Are You Seeking Workers Compensation?

If you are injured at work, it can pose serious repercussions to your livelihood. Knowing that the law provides you with certain rights is key when filing for Workers Compensation benefits. At times, these rights are disregarded by employers and insurance companies, which means that you may not receive the full outcome of what you deserve.

The rights that you may be entitled to are:

  • Workers Compensation wage benefits while you are disabled
  • Medical benefits to pay for treatment
  • Travel reimbursement associated with medical treatment
  • Vocational rehabilitation if you are unable to return to your job
  • Supplemental Earnings Benefits (SEB) if you are unable to earn 90% of your pre-injury average monthly earnings
  • Monetary penalties if your benefits are not paid in accordance with the law

Wage benefits compensate you for a portion of your income loss during the time that you are unable to work due to your injury. The benefits are 66% of your average weekly wage for four full weeks immediately preceding your accident and is subject to a statuary cap.

Medical benefits are provided for all treatments medically necessary and related to the job injury. At the insurance company’s expense, you have the right to be treated by a doctor of your choice. You should continue to receive medical care until you have reached maximum medical improvement.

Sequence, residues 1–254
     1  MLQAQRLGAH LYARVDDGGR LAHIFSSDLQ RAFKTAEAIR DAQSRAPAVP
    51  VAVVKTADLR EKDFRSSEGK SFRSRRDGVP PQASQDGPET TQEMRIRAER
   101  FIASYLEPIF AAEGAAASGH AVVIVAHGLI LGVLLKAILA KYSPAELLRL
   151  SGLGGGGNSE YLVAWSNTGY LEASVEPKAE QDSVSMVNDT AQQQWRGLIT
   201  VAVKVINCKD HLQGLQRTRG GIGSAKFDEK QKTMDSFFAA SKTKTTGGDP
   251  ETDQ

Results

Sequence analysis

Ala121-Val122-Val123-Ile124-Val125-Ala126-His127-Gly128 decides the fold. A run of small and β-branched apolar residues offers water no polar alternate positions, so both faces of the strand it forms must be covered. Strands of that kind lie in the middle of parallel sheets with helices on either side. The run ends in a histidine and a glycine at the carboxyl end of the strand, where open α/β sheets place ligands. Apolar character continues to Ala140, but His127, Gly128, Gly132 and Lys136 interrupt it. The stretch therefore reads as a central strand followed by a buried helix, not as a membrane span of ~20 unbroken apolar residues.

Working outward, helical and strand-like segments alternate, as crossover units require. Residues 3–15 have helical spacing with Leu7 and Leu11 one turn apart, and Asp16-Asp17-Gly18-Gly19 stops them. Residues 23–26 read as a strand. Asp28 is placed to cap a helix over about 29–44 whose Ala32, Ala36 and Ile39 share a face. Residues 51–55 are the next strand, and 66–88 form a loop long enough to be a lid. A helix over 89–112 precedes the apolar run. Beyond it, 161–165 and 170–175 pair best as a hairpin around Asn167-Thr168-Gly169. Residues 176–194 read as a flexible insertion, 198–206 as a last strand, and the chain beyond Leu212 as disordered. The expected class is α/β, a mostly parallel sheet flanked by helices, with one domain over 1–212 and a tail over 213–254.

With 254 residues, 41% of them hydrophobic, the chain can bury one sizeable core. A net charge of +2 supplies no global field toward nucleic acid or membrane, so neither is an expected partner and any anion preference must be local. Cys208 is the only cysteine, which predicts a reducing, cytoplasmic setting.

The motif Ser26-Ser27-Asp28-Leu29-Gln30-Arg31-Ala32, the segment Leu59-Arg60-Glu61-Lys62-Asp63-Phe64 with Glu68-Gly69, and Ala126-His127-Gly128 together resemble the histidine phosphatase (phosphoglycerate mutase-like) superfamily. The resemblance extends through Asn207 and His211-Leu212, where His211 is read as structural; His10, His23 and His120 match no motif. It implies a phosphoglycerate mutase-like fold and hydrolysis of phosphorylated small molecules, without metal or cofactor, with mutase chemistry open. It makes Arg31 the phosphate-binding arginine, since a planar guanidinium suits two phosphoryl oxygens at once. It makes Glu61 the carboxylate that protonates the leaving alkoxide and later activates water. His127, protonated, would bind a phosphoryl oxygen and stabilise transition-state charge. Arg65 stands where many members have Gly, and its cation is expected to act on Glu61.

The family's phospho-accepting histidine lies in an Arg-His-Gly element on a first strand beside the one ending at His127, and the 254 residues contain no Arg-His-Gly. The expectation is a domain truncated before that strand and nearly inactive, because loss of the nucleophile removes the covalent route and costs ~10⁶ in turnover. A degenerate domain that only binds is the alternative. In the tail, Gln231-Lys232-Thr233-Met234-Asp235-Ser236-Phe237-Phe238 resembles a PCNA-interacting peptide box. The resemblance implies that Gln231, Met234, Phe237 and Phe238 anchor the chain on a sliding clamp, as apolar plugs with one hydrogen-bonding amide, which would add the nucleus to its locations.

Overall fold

Travel reimbursement is compensation for travel to and from medical appointments related to your injury that you are paid back for. You should accurately document each visit and include the date, where you went and for what, milage and any other legitimate costs you incur while traveling for medical attention.

Supplemental Earnings Benefits (SEB) is available if you are not able to earn 90% of your pre-injury monthly earnings. SEB will pay 2/3 of the difference between your pre-injury and post injury average monthly earnings, up to your statutory cap. This will help compensate for some of your monthly earnings that were lost due to the injury, even after you return to work.

Vocational Rehabilitation is paid for by the insurance company, and is a service provided to assist you in finding another job if you cannot return to your pre-injury employer. You should be able to get the most our of their services, but often the rehab counselors are trying to help the insurance company reduce or cut off your benefits. Even if you are working with a vocational counselor, you should keep your own record of job searching activities. This will help you keep track and be prepared to dispute the vocational counselor regarding whether jobs they identified were actually available.

If you are treated unjustly or denied benefits from your employer or the insurance company you may be able to recover monetary penalties against the insurance company or employer. It is possible that the insurance company may have to pay for your attorney fee.